Proofreading Service - Pain in the English
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Proofreading Service - Pain in the English
Proofreading Service - Pain in the English

Your Pain Is Our Pleasure

24-Hour Proofreading Service—We proofread your Google Docs or Microsoft Word files. We hate grammatical errors with passion. Learn More

“under”

Can one really work “under a time-constraint”? This seems odd to me. Since the person cannot literally be under this constraint. Would it make more sense to state, “...in the context of a time-constraint”? Or is is better to state in some other way?

  • April 26, 2005
  • Posted by eggbert
  • Filed in Usage
  • 4 comments

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Comments

Constraints are placed upon things, so the thing itself falls under its constraints. In much the same way, people can be under oath or under guard.

The second sentence is a little over the top, and rather complicates matters.

Working within a deadline or to a schedule may work, depending on just what you're trying to say.

Persephone_Imytholin Apr-27-2005

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It doesn't matter if a person can literally be under any constraint. We don't take idiomatic phrases ("raining cats and dogs," "not my cup of tea," etc.) literally. Nor should we expect prepositional phrases to make any literal sense.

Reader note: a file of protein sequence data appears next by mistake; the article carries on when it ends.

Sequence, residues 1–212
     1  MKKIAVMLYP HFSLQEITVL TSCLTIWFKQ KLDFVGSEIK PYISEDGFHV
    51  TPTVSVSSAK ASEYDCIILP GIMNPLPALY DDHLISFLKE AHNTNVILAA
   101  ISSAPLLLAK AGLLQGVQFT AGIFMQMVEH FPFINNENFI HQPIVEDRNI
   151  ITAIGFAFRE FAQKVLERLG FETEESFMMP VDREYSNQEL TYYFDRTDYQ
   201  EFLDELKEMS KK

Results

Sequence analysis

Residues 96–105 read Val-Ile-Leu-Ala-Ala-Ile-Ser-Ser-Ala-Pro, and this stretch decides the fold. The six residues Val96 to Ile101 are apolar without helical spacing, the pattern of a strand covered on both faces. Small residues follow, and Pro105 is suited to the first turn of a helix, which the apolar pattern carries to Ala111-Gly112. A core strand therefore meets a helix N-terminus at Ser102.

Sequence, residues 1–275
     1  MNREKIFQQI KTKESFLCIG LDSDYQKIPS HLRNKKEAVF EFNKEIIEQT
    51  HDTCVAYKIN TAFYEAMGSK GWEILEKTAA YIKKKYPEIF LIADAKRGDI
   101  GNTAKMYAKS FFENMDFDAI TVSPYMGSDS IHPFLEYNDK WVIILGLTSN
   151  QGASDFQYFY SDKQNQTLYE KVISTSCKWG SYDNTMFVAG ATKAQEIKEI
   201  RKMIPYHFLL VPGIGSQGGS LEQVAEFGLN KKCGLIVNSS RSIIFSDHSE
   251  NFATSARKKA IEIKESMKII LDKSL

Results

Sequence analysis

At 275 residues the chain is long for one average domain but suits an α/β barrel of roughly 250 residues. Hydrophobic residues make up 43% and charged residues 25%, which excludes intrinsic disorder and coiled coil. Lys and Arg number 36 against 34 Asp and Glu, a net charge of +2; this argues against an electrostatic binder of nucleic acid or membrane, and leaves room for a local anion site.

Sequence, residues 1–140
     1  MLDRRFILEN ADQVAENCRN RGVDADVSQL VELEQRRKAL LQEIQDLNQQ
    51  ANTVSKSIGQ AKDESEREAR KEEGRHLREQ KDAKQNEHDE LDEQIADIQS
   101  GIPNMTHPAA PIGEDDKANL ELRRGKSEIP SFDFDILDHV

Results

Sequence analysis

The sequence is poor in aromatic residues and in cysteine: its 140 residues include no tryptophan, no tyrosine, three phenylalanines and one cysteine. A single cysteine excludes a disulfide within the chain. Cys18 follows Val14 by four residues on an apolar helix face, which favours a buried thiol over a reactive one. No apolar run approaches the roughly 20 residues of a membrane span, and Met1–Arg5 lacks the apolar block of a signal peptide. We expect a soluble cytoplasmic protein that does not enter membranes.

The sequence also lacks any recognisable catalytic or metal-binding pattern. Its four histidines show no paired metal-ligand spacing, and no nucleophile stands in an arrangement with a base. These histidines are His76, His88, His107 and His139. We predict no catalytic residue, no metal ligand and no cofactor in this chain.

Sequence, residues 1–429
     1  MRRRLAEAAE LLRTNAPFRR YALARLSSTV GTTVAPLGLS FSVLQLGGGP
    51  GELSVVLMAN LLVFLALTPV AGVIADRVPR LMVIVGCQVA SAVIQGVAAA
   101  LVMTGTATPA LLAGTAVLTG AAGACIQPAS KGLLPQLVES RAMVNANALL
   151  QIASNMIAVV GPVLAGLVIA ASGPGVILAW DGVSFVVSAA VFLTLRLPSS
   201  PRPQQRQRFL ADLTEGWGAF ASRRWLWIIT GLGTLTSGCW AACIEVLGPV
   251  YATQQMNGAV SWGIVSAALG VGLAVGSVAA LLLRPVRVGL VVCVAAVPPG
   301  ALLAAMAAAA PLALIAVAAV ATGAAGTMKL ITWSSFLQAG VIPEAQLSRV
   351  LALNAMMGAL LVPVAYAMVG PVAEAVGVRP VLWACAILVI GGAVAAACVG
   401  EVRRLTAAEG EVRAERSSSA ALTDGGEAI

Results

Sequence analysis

"To be under a constraint" can be interpreted as idiomatic, much like "to be under stress." There's no reason for either phrase to be literal.

clayton Apr-28-2005

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under a time constraint, although you can't have one above you, works. it's just a different way of using the word under

Steve1 Jun-17-2005

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You can't pick apart the logic of an expression requiring a certain preposition, unless you're talking about the physical world, all prepositions are arbitrary in the expressions they're used in.

anonymous4 Sep-26-2005

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